10:30-10:45 am Insights on vegetation functioning using remotely-sensed measures of solar-induced fluorescence and reflectance spectroscopy Andrew, Jablonski. Xi Yang, Manuel Lerdau The purpose of this talk is to outline the current state of using remote-sensing methods to monitor vegetation functioning – namely carbon and water fluxes. I will identify current outstanding questions and methodological gaps, and demonstrate how my research provides a framework for addressing such questions.

10:45-11:00 am Atmospheric Drivers of the California Current System Daniel F. Schmidt, Dillon J. Amaya, Kevin M. Grise, and Arthur J. Miller
Upwelling in the California Current system is crucial to bringing nutrient-rich water to the photic zone and supporting the associated ecosystem. This upwelling is a result of the wind-driven ocean circulation and is therefore susceptible to changes in the atmospheric circulation. We use both climate models and observational data to explore the response of the California Current to shifts in the Hadley cell and the North Pacific subtropical high–including both shifts due to short-term variability and longer-term shifts in a climate change scenario. We find that the subtropical high has a much stronger influence than the Hadley cell on upwelling in this area, and that uncertainties in the future of the California Current and its ecosystem can be traced in part to uncertainties in the future evolution of the subtropical high.

”11:00-11:15 Houston, Texas is a major U.S. urban and industrial area, where poor air quality is unevenly distributed, with a disproportionate share in low-income, non-white, and Hispanic neighborhoods. We have traditionally lacked city-wide observations with which to fully describe intra-urban pollutant heterogeneities for reactive gases like nitrogen dioxide (NO2). Here, we analyze novel high-spatial-resolution (250 m x 500 m) NO2 vertical columns measured by the NASA GCAS airborne spectrometer, collected over Houston as part of the September-2013 NASA DISCOVER-AQ mission, and quantify differences in population-weighted NO2 distribution with census tract demographics. We find 37  6% higher NO2 in low-income and non-white/Hispanic (LIN) census tracts compared to high-income white (HIW) tracts, and report NO2 disparities separately by race-ethnicity (11–32%) and poverty status (15–28%). We observe substantial temporal variability in LIN-HIW NO2 differences (and other metrics), driven by the greater prevalence of large NOx ( NO + NO2) emission sources in LIN neighborhoods. We use the GCAS dataset to evaluate measurements from the recently-launched satellite-based TROPOMI (3.5 km x 7 km), averaged to 0.01∘ x 0.01∘ using physics-based oversampling, and demonstrate TROPOMI resolves similar relative, but not absolute, differences in census-tract-scale NO2. We utilize the high-resolution FIVE and NEI NOx emission inventories, plus one year of TROPOMI weekday-weekend variability, to attribute tract-level NO2 disparities to industrial sources and heavy-duty diesel vehicles. We evaluate GCAS and TROPOMI observations against in-situ column and surface measurements. We discuss future opportunities for satellite remote sensing to constrain census-tract-level NO2 disparities.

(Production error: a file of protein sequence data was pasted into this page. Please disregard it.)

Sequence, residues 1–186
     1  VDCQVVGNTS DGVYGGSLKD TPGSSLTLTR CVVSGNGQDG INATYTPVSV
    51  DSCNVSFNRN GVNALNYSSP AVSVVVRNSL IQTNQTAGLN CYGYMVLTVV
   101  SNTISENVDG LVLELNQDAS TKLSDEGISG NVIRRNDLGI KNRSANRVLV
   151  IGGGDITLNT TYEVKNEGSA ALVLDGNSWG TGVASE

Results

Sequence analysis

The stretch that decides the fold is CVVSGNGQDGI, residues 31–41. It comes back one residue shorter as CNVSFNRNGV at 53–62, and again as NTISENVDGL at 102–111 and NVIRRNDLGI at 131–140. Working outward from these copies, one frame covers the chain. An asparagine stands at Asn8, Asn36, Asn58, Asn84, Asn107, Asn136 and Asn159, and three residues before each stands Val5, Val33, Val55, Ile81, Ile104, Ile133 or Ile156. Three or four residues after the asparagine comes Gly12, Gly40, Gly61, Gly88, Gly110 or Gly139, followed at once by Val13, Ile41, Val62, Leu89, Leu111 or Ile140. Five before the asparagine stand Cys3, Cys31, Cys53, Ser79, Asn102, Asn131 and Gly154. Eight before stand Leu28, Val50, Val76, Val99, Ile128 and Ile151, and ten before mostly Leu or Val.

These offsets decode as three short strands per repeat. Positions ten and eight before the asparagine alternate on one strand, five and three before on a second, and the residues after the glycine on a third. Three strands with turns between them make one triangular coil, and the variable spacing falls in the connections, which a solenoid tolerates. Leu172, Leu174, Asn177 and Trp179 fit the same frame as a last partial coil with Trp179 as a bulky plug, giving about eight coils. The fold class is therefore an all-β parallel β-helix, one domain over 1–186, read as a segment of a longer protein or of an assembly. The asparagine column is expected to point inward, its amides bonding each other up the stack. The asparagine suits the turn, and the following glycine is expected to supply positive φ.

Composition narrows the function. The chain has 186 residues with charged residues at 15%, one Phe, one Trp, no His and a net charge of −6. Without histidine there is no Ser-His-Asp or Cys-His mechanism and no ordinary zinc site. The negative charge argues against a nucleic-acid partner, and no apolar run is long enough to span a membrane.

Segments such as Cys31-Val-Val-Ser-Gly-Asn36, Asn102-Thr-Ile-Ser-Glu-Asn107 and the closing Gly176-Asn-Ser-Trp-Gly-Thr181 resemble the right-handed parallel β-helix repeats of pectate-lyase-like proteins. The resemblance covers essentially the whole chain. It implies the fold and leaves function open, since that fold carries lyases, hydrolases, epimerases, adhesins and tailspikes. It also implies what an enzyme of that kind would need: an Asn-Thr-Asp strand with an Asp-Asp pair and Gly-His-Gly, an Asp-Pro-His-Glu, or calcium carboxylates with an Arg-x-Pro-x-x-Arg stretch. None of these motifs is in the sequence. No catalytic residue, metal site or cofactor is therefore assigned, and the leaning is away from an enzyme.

11:15-11:30 am Assessing the Geographical Distribution and Reduction Potential of the Nitrogen Footprint of a Community: A Case Study in Charlottesville, VA Julia Stanganelli